The two most common eating disorders are anorexia nervosa and bulimia nervosa; however, experts recently acknowledged the possibility of another eating disorder called binge eating disorder though official diagnosis criteria remain undeveloped.
Patients with eating disorders do not exhibit normal eating behavior, severely restricting their food intake or significantly overeating. However, another component of these disorders is a psychological one. With an eating disorder, patients experience harmful, upsetting thoughts and feelings about their body shape and/or weight.
Although anorexia and bulimia have similar and overlapping characteristics, they are two distinct disorders. The disorders occur mostly in healthy young women, typically in late teens to early to mid-20s. Both anorexics and bulimics engage in behaviors of both disorders. For example, numerous anorexics binge-eat and purge, and many bulimics are former anorexics.
Patients with anorexia are notably underweight and refuse to maintain a normal weight. Further, anorexics exhibit extreme fear of weight gain and are in denial about the fact that they are underweight. These patients view themselves as overweight while being abnormally underweight.
Anorexics demonstrate odd eating habits, often avoiding meals with the family and allowing themselves only certain foods to eat, consuming these foods in very small amounts. In addition, anorexic patients weigh themselves frequently. There are two types of anorexia nervosa. Patients with the restricting type do not typically binge-eat or purge. However, this behavior is typical in anorexics with the binge-eating/purging type.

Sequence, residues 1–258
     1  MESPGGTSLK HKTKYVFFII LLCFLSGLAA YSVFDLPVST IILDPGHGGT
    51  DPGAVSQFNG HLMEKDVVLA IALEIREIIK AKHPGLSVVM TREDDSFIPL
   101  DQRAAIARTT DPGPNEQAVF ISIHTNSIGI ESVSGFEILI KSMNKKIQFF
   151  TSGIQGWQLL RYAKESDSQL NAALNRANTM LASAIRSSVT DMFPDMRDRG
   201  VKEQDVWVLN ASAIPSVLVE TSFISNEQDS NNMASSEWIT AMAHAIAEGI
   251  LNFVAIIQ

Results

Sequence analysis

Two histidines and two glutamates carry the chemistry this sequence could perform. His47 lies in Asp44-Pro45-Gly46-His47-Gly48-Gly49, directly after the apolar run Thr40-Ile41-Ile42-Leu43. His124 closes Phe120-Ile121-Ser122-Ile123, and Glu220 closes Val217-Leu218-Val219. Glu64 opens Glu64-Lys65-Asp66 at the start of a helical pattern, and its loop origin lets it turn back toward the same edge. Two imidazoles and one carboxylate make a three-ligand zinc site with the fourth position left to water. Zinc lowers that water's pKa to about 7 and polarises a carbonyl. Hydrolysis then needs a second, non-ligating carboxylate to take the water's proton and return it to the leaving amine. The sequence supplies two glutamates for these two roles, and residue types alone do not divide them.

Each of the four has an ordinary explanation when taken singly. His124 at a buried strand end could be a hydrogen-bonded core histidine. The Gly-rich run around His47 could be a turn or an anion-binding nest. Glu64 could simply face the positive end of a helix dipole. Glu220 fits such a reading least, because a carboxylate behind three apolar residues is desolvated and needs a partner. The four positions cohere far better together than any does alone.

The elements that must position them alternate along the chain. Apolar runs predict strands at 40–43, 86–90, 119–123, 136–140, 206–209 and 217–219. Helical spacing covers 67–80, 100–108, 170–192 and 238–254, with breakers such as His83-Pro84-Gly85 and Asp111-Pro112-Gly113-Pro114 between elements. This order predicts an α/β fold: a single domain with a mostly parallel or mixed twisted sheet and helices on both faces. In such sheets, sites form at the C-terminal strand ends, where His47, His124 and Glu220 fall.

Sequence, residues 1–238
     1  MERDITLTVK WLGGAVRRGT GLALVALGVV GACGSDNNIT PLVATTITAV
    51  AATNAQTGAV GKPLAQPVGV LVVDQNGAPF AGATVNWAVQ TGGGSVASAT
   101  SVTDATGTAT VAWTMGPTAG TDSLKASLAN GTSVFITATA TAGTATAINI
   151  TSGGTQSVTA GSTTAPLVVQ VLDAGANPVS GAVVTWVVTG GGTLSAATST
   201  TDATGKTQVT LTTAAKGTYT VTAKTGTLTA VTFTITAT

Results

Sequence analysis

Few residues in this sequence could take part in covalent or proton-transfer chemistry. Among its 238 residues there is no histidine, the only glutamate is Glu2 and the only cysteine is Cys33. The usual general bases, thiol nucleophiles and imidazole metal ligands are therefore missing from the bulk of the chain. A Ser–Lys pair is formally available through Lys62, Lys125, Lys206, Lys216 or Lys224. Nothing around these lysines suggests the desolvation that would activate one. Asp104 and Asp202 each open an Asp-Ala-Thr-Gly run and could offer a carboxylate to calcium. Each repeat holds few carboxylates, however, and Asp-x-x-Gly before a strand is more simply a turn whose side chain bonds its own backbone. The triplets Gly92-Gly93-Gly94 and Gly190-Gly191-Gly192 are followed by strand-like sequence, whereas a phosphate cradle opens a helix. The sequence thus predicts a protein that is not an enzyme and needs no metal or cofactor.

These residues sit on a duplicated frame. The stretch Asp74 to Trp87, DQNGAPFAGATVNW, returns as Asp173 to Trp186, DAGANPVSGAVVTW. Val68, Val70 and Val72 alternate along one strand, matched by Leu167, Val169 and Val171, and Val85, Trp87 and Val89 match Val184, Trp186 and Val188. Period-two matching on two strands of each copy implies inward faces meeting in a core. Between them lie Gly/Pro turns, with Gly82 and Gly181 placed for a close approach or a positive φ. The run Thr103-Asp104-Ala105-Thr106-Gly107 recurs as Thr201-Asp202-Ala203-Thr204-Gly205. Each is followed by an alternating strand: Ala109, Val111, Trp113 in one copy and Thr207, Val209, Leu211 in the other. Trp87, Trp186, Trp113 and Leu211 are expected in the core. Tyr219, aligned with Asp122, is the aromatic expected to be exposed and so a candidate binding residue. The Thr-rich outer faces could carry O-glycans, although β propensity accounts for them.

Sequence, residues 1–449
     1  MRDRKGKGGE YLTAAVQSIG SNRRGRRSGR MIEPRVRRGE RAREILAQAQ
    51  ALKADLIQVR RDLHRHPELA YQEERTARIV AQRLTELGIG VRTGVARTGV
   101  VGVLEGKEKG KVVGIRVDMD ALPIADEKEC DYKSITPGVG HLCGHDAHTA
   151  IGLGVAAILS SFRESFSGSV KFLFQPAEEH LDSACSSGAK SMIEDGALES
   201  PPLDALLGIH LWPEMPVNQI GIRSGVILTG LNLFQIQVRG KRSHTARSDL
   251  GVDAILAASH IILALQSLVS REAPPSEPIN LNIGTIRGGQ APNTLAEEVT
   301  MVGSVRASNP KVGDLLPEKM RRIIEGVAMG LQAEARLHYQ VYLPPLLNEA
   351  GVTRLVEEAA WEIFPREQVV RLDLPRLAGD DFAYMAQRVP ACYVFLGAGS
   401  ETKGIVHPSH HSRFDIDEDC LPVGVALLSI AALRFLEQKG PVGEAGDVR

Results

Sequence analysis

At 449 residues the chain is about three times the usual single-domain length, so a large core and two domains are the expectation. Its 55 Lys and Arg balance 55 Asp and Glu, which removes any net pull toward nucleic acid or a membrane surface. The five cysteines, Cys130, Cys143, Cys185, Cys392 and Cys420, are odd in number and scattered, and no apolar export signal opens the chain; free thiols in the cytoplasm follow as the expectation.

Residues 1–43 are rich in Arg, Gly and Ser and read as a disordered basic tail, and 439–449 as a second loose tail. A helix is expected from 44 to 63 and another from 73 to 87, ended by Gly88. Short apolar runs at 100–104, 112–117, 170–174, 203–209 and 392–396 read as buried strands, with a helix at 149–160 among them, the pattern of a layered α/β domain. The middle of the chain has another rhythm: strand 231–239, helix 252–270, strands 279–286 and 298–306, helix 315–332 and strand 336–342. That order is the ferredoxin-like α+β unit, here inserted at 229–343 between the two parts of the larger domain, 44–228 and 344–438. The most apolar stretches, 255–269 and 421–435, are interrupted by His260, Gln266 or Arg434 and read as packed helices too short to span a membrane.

Initial treatment of anorexia nervosa depends on the patient’s illness severity with the most important objective being the restoration of the patient’s normal weight range. Experts recommend hospitalization of patients with weights 75% less than normal. Physicians may use outpatient treatment for those with mild disease or partial hospitalization for those with moderate disease.
After establishing a weight range goal, patients undergo re-establishment of their nutritional status until the patient achieves a stable weight gain of Â˝ to 2 pounds per week. Clinicians carefully monitor a patient’s weight throughout treatment and in patients with moderate to severe disease, supervision of the patient’s eating habits and meals occur. Another aspect of treatment is psychiatric therapy, concentrated on two primary concerns.
The first of these is the provision of emotional support to the patient during weight gain. Anorexic patients are terrified of weight gain, making this an emotional time for them. The second issue is teaching anorexics how to increase their self-esteem and not tie this to an unhealthy low weight.
In contrast to anorexic patients, bulimics typically have a normal weight or an above-normal weight. Bulimic patients exhibit recurring moments of binge eating followed by purging behavior. During an episode of binge eating, bulimic patients eat a large amount of food during a relatively short period of time. However, in addition to the amount of food intake, these patients also feel out of control with their eating.
To compensate for this overeating, bulimics then engage in purging behavior in an attempt to prevent weight gain. Purging behavior includes a number of tactics such as the induction of vomiting, abuse of medications (laxatives, diuretics, and enemas), refusal to eat, and exercising too much.
Experts treat bulimia nervosa as a chronic illness, establishing treatment that may last for a significant time. Treatment is usually outpatient, with initial treatment geared towards stabilization of normal eating habits, ending purging behavior, as well as maintaining a normal weight.
Physicians may prescribe medication to help counteract unhealthy behaviors as well as psychotherapy or cognitive behavioral therapy to address self-esteem issues.
Typically, bulimics continue medication and/or psychological therapy for at least one year. The only medication that is FDA approved for bulimia nervosa is the antidepressant, fluoxetine (Prozac).